Neuronal apoptosis in HIV infection in adults

@article{AdleBiassette1995NeuronalAI,
  title={Neuronal apoptosis in HIV infection in adults},
  author={Homa Adle-Biassette and Yves L{\'e}vy and M. Colornbel and F. Poron and Sevdalin Natchev and Catherine Keohane and Françoise Gray},
  journal={Neuropathology and Applied Neurobiology},
  year={1995},
  volume={21}
}
Productive infection of the central nervous system by HIV predominantly involves the white matter and basal ganglia. Involvement of the cerebral cortex with neuronal loss is also described in AIDS patients but not in asymptomatic HIV‐positive patients. The mechanism of neuronal damage is unknown. To enquire whether neuronal loss in AIDS may be due to an apoptotic process, we examined the cerebral cortex from 12 patients who died from AIDS using two different methods: in situ end labelling and… 

Neuronal apoptosis in human immunodeficiency virus infection.

It is concluded that neuronal apoptosis and consequent neuronal loss, in HIV infected patients, are probably not related to a single cause and it seems likely that microglial activation, directly or indirectly related to HIV infection of the CNS, plays a major role in its causation possibly through the mediation of oxidative stress.

Neuronal apoptosis does not correlate with dementia in HIV infection but is related to microglial activation and axonal damage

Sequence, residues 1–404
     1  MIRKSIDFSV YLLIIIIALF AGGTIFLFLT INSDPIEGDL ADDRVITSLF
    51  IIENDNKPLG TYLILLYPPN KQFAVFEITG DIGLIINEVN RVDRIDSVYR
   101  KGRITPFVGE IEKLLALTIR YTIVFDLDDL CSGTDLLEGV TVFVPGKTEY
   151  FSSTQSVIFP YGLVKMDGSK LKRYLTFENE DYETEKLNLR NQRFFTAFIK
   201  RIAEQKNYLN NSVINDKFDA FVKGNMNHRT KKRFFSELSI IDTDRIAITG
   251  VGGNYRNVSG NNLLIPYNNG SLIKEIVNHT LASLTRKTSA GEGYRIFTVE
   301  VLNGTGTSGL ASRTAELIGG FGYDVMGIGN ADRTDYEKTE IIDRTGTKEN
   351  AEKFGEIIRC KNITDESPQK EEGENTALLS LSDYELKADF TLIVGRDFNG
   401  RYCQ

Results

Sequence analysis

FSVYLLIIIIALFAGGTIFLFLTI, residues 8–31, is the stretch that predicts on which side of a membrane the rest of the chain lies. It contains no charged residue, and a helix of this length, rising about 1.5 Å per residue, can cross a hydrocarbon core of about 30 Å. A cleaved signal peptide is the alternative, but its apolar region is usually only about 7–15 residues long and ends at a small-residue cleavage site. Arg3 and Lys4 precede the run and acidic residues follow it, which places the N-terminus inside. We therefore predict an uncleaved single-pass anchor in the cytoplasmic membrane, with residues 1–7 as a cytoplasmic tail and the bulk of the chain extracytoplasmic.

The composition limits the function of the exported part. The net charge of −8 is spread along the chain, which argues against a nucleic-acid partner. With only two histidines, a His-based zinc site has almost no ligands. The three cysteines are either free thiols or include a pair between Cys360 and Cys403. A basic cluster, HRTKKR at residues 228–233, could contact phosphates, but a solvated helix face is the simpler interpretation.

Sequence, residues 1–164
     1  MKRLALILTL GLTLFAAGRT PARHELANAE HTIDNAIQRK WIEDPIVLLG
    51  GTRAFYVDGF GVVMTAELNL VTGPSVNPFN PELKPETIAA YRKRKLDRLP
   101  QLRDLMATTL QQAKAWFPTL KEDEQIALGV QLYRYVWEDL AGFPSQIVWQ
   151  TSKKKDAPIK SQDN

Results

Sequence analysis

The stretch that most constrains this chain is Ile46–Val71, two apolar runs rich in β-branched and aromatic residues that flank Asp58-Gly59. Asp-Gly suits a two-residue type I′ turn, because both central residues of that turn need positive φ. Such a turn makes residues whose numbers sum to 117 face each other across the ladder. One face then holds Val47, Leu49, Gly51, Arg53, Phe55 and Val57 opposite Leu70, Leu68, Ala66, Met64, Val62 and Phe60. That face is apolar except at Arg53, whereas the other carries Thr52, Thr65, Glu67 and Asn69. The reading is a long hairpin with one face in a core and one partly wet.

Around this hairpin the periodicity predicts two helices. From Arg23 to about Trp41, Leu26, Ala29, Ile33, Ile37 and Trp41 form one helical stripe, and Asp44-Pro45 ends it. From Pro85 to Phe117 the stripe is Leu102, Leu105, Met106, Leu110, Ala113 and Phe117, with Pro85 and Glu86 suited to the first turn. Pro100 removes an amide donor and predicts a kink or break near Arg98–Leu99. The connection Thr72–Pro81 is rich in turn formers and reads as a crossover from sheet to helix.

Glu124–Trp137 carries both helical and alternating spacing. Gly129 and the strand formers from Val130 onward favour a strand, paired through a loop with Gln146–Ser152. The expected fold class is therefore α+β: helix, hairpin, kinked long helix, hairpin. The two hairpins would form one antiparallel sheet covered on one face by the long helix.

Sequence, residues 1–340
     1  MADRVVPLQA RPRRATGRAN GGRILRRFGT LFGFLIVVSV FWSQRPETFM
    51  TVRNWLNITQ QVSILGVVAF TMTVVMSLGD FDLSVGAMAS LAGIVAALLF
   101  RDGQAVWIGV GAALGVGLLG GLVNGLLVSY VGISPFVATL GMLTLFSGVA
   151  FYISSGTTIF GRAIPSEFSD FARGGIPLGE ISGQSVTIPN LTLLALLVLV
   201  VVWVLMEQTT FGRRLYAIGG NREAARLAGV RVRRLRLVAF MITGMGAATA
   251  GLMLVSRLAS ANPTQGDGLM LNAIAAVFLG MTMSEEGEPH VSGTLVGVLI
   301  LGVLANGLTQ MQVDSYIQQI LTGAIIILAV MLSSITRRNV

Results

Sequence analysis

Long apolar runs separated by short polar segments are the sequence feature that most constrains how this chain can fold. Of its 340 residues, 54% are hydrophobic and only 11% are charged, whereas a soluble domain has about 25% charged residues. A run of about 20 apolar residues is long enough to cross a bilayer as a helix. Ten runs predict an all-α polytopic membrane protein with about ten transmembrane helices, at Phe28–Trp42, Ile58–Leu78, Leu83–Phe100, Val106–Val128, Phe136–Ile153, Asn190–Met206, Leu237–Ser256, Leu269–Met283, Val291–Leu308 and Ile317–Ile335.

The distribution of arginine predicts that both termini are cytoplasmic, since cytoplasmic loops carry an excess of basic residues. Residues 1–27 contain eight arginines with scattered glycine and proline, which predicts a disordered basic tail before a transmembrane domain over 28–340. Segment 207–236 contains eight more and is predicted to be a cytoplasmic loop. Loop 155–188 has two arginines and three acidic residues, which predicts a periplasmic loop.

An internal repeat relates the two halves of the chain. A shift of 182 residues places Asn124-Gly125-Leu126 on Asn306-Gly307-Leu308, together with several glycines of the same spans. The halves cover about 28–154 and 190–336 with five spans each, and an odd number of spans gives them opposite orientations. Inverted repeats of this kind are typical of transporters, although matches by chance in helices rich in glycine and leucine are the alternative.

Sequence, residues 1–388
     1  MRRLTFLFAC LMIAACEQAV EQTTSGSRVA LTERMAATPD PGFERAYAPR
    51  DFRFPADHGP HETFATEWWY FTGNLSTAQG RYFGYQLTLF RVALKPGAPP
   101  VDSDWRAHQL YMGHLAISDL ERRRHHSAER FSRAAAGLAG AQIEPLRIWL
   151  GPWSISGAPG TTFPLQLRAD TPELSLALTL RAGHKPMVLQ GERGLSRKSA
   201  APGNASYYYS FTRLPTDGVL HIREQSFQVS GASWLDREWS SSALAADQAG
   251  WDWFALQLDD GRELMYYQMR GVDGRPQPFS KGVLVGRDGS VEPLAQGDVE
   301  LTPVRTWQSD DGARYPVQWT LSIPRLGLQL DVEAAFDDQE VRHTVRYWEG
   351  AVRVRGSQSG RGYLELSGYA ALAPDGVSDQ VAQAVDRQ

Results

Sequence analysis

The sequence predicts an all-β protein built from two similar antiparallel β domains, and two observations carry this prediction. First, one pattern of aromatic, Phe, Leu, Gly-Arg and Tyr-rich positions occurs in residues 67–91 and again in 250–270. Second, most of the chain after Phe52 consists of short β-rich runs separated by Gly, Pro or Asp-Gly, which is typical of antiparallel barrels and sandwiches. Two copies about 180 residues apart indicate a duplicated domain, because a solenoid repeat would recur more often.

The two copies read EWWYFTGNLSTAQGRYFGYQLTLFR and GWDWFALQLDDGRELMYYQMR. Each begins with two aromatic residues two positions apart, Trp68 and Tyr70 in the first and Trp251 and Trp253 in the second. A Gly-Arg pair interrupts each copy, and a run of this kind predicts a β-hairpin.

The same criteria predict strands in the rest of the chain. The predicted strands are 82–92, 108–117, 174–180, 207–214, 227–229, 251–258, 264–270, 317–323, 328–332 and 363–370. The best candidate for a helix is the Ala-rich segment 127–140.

There was an obvious topographic correlation supporting the view that axonal damage, either secondary to local microglial activation or due to the intervention of systemic factors, may also contribute to neuronal apoptosis.

Programmed cell death in brains of HIV-1-positive AIDS and pre-AIDS patients

The presence of apoptotic cells in a number, albeit small, of brains of HIV-1-positive pre-AIDS individuals, combined with abnormalities described previously in the same group of patients, gives further support to the opinion that brain damage already occurs during the early stages of HIV infection.

Neuropathogenesis of central nervous system HIV-1 infection.

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